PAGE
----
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Opinion: What's behind Trump's bizarre suggestion

August 2, 2020. Summarized by summa-bot.

President Donald Trump leaves after participating in a roundtable on donating plasma at the American Red Cross national headquarters on Thursday, July 30, 2020, in Washington. (AP Photo/Evan Vucci)

On the same day that three former US presidents joined in a moving tribute to civil rights hero John Lewis and just after the release of government data showing the worst quarterly plunge in economic activity ever recorded, President Donald Trump tried to seize control of the news agenda with a jaw-dropping suggestion: Consider delaying the November election.

(CNN)On the same day that three former US presidents joined in a moving tribute to civil rights hero John Lewis and just after the release of government data showing the worst quarterly plunge in economic activity ever recorded, President Donald Trump tried to seize control of the news agenda with a jaw-dropping suggestion: Consider delaying the November election.

"It's insulting to the American public to even suggest that this sacred constitutional right should be undermined by an authoritarian President tanking in the national polls to Joe Biden," wrote historian Douglas Brinkley.

But with his attacks on the legitimacy of the election and on mail-in voting, Zelizer wrote, "Trump is now going after a core pillar of our democracy . . .

Bush and Barack Obama "believed deeply in the goodness of America, the nobility of public service, and the promise of our future. " Trump chose not to attend the service, and he did not pay respects in person when Lewis' body was lying in state at the Capitol.

"It was not lost on anyone who watched on Thursday that the man who lives and works where Clinton, Bush, and Obama did, disrespected a national hero and shrank from the moment," Weinberg wrote.

Civil rights lawyer Ben Crump argued that Harris is the right choice for vice president, describing her as a "change agent at every level of government -- local, state, and federal -- for 30 years. " After watching her "skewer witness after witness testifying at Senate hearings," he wrote, "I know exactly who I want to see go toe-to-toe with Mike Pence. "

President Trump hammered at his message to suburban voters this week, promising via Twitter that "people living their Suburban Lifestyle Dream . . .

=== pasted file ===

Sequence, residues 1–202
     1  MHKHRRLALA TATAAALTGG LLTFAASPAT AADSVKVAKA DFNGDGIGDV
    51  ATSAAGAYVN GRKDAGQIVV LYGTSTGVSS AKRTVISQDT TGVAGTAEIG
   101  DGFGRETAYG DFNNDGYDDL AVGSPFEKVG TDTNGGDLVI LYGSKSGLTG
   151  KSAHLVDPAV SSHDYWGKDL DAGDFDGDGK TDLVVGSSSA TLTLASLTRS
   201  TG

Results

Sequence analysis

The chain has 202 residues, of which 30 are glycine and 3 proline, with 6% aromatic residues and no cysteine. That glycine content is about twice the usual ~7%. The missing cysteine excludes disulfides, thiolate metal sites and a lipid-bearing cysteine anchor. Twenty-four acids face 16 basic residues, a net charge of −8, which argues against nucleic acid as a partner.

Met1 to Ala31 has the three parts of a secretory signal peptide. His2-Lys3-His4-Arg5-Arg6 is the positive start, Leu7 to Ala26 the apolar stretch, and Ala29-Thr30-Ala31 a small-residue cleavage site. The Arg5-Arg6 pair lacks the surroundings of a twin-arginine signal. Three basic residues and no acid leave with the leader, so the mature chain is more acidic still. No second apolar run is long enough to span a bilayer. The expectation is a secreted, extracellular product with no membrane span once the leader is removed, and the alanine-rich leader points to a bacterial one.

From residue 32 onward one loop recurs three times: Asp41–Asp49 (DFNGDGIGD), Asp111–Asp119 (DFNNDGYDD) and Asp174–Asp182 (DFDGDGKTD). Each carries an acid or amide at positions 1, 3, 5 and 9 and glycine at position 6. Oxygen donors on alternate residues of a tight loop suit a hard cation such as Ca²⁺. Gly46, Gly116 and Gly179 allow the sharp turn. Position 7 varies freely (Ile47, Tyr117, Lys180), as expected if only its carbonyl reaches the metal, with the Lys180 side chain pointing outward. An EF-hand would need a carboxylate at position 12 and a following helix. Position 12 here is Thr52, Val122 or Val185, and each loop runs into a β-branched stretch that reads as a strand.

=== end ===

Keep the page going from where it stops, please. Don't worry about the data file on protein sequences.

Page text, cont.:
Trump may be well behind in the polls, but his message is getting through to at least some voters in swing states, wrote Rich Thau, who has conducted focus groups in places like Macomb County, Michigan.

Joe Biden could still lose the election, wrote Joe Lockhart.

Michael D'Antonio: Americans are dying of Covid-19 and Trump is pouting about Fauci

Michael Linden of the Roosevelt Institute, writing for the CNN Business Perspectives section, wrote that the conservative case against extending the $600 benefit is mistaken.

By contrast, Rachel Greszler of the Heritage Foundation wrote that businesses are right to worry that it will be harder to get workers back to work if the $600 benefit is extended.

"Taking money from future taxpayers to support policies that discourage people from working and that take jobs out of the economy won't help the recovery or individuals' and families' long-term wellbeing," she wrote.

On the day Barack Obama took the oath of office as President, he hugged Rep. John Lewis "and said his victory had been made possible only by the sacrifices Lewis made," wrote Dorothy Brown.

Obama's election in 2008 marked the start of America's Third Reconstruction, wrote Peniel Joseph.

"There are now more than four million confirmed cases in the US," wrote Peter Bergen, "a quarter of the total number of known cases in the world, yet Americans make up just over 4% of the global population. "

by prioritizing 'reopening' over public health, the nation has chosen to accept that many hundreds of thousands of Americans will die of Covid-19. "

In the meantime, there's one vaccine people should take starting in September even though it doesn't prevent the coronavirus, wrote Dr. Richard Webby.

"Baseball is now a microcosm of how to best battle our imploding failures, a grand experiment for our other institutions, perhaps especially the public schools that the man in the White House is so eager to reopen so America can get 'back to work,'" she wrote.

Many women are also facing an undue burden, wrote Rep. Katherine Clark, vice chair of the Democratic Caucus and Fatima Goss Graves, CEO of the National Women's Law Center.

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